Where are they now? Richard Reid | Columns | Gassit Garage
Richard Reid – the bloke to win Kawasaki’s first road race
Who was Kawasaki’s first road-race winner in Australia? Ken Blake, Ron Toombs, Gregg Hansford? It was Richard Reid, in the Victorian 250 TT at Calder on 12 February, 1967.
In the next six weeks Reid won the Tasmanian 350 TT at Symmons Plains and the Bathurst 350 TT, riding a 250 Kawasaki A1R supplied by pioneering Victorian Kawasaki importer Jeff Cook and prepared by Ron Angel. Reid would go on to claim Australian TT doubles at Mallala in 1967 and Albany in ’68, and Australian Grand Prix (AGP) titles at Surfers Paradise and Bathurst the same years.
That’s in addition to the AGPs he won on Nortons at Mallala (350 in 1964) and Longford (500 in 1966), and titles in four States.
The son of an industrial chemist, Richard was born in 1938 in Melbourne’s Richmond.
“We lived in Tottenham,” he said. “I attended West Footscray State School and then Footscray Tech College. I was apprenticed at Commonwealth Aircraft Corporation in Fishermans Bend and did an engineering certificate, with lots of engineering draughting. In 1971 I switched from draughting to car sales.”
Reid was mad keen on speed and aeroplanes. He joined Preston Motorcycle Club, which promoted road racing at Darley and rode his first road race there on his BSA scrambler.
“I really enjoyed the greater speed of tarmac racing, so I bought one of Jimmy Guilfoyle’s Manx-framed BSAs and then Ron Robinson’s 350 Manx Norton.
“There were good Manxes and slow Manxes in the 1960s, and this was a slow one as we found out. I rode it in a few meetings and then had the opportunity to buy the last Manx 500 to come to Australia.”
Reid’s early interstate races were in South Australia, travelling with brothers Patrick and John Bruce. In 1964 he won the Australian 350 GP at Mt Gambier, beating future international John Dodds.
“We’d go across in John’s hotted-up Holden on a long weekend. Those were good times; great camping weekends. The Mt Gambier surface was unique; they’d spread gravel over fresh bitumen. If you won a few dollars there it covered the petrol to go to Mallala. We didn’t do Bathurst until we became better riders.”
In 1966 Reid won the Victorian 500 GP at Benalla and the Australian 500 GP at Longford (Tasmania), and was second in the Australian 500 TT Bathurst. Early in 1967 he was offered a new mount – the first Kawasaki ‘production’ 250 disc-valve A1R racer in the land.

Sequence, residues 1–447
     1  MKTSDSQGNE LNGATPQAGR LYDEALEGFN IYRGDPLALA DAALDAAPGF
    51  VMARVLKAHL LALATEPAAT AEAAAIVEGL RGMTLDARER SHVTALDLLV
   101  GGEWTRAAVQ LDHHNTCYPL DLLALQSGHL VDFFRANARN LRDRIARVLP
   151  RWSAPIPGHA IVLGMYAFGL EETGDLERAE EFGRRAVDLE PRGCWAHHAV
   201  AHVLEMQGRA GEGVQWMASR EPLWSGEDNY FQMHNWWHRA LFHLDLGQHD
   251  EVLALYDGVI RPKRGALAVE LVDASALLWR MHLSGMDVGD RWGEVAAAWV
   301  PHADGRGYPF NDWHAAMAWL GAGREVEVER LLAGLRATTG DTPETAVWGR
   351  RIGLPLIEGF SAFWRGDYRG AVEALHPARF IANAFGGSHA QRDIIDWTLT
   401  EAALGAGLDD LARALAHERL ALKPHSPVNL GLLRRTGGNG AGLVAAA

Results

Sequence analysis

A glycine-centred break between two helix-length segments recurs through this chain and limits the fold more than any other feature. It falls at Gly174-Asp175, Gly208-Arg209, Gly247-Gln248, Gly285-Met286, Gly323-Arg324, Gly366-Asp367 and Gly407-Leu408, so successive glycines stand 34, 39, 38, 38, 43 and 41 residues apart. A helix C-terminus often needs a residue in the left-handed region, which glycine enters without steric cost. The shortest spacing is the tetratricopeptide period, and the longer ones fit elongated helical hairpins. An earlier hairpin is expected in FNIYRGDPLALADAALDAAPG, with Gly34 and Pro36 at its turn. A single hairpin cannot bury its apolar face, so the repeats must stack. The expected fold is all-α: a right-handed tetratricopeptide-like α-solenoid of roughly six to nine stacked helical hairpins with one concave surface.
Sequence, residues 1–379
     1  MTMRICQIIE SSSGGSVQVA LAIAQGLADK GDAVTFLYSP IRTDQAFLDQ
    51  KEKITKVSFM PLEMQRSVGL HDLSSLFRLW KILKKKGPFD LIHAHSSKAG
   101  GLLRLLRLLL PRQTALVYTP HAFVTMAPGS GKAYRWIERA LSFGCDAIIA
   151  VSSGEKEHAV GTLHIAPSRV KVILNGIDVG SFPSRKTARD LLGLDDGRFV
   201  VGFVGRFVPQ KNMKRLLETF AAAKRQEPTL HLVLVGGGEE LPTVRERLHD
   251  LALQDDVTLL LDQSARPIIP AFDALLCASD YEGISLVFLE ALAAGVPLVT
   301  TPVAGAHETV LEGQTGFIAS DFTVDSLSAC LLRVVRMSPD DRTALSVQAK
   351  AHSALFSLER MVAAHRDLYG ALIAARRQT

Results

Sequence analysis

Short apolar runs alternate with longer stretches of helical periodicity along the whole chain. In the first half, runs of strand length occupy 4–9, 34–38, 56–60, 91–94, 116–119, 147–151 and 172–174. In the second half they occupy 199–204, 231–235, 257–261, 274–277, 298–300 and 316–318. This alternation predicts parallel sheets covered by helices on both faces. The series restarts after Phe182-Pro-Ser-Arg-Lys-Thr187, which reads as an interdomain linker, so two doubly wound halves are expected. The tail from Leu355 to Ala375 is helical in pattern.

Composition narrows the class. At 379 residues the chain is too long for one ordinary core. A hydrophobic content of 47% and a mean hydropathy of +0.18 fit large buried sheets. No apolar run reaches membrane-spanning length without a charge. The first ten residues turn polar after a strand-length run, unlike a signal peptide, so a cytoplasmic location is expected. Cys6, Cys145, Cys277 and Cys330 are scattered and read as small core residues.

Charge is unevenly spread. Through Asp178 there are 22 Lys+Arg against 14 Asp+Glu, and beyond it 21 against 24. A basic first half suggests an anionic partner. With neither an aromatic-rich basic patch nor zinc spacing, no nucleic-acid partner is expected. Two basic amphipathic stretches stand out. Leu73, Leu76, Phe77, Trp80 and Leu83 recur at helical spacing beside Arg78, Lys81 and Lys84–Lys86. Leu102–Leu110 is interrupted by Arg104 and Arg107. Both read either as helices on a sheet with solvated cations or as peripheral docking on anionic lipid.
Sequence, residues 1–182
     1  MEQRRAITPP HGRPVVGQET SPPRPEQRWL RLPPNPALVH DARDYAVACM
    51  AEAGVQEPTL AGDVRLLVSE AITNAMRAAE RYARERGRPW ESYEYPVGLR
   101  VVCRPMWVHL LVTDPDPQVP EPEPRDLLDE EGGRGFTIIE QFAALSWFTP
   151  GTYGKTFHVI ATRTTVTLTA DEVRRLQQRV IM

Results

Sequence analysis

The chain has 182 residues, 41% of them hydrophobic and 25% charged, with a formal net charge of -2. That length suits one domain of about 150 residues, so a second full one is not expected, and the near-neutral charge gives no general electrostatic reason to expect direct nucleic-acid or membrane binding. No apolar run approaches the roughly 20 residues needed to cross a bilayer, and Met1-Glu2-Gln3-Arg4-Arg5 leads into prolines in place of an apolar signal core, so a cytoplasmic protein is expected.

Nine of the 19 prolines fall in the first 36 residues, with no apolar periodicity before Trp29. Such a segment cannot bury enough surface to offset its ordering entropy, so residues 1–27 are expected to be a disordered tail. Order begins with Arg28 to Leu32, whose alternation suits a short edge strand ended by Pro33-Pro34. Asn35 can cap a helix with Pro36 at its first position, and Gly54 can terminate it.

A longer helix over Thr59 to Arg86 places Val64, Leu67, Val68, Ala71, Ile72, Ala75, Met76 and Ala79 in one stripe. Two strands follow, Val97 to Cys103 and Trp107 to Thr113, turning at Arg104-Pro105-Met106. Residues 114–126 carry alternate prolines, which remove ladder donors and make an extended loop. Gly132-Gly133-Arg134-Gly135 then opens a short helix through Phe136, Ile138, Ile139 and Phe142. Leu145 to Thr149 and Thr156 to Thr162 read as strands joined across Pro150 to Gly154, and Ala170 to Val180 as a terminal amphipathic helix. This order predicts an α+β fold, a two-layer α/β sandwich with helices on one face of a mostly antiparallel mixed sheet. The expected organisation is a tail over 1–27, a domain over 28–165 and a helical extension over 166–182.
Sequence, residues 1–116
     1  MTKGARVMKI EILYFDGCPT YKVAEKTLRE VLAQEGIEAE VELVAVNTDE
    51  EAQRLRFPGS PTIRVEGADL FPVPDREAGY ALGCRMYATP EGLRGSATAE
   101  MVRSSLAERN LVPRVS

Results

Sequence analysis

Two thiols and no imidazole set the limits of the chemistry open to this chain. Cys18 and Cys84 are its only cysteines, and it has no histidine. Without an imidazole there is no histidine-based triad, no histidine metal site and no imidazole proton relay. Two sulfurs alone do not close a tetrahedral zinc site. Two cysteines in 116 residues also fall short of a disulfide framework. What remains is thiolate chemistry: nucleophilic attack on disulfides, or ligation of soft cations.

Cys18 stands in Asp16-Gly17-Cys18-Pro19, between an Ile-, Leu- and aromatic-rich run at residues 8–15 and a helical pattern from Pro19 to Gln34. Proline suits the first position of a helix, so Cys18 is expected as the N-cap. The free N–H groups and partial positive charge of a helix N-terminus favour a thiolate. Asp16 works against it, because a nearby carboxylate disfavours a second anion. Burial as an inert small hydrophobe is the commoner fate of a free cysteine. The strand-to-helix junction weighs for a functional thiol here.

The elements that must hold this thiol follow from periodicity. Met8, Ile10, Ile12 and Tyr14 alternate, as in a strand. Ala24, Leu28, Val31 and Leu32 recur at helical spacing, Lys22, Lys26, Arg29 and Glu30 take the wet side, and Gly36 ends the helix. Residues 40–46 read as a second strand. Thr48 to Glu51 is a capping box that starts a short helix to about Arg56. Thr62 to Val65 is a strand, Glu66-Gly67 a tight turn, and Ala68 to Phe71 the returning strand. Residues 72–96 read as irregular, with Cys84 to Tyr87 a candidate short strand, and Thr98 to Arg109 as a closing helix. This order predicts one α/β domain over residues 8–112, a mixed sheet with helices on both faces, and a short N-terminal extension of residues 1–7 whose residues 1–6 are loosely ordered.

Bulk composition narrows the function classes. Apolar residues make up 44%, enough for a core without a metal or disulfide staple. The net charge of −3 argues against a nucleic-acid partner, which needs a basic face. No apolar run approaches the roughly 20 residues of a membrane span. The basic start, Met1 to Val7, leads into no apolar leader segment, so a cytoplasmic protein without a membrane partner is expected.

“Jeff Cook offered to sponsor me on the Kawasaki and I asked Ron Angel to look after the bike. It was very quick; the only thing that was better was the works Yamaha 250 Alan Osborne rode.
“Kawasaki became involved in a bigger way when they sent out a bike John ‘Mooneyes’ Cooper had ridden in the 1967 Japanese GP. It was a hybrid A1R converted to a 350. However, in boring it out to create a 350 it was very fragile and was difficult to tune. It kept blowing up and we could never reproduce the intake system. In 1968 at Bathurst it was clocked at 163mph (262km/h); it was quicker than Ron Toombs’ 500 Matchless. We had to design a disc-brake front end to stop it!
“In 1969-70 I rode another A1R for Neville Doyle, who was an irrigation engineer from Gippsland. Once again that was a very quick bike. If it kept going it would win.”
In 1970 Reid married and began selling cars – which mean he had to work on Saturdays. He stopped motorcycle racing save for one meeting a year and then dropped out altogether.
“Kawasaki sent me a congratulations letter, thanking me for putting the bikes on the map. With Jeff Cook, I received reasonable expenses to travel interstate, but you couldn’t live from it. Maybe I was two or three years too early. My good friend Ken Blake got a Kawasaki 500 ride with Ron Angel and then Ron Toombs rode the 750 for Neville Doyle.”
As for overseas ambitions, Reid said he wished he could have gone away, is mindful of the riders who did not come back.
“I had one bad accident; hitting the wooden fence at Bathurst and having the bike follow me in. The crash dislodged some of the planks and split my helmet.”
Today, Richard Reid lives in Mt Waverley with partner Anne, whom he met in 2000. “She is a lovely person, the best thing that ever happened to me, and life is pretty good. He has two children from his previous relationship and some grand children, “who are a great thrill. I am semi-retired, but I still do car sales.”
by Don Cox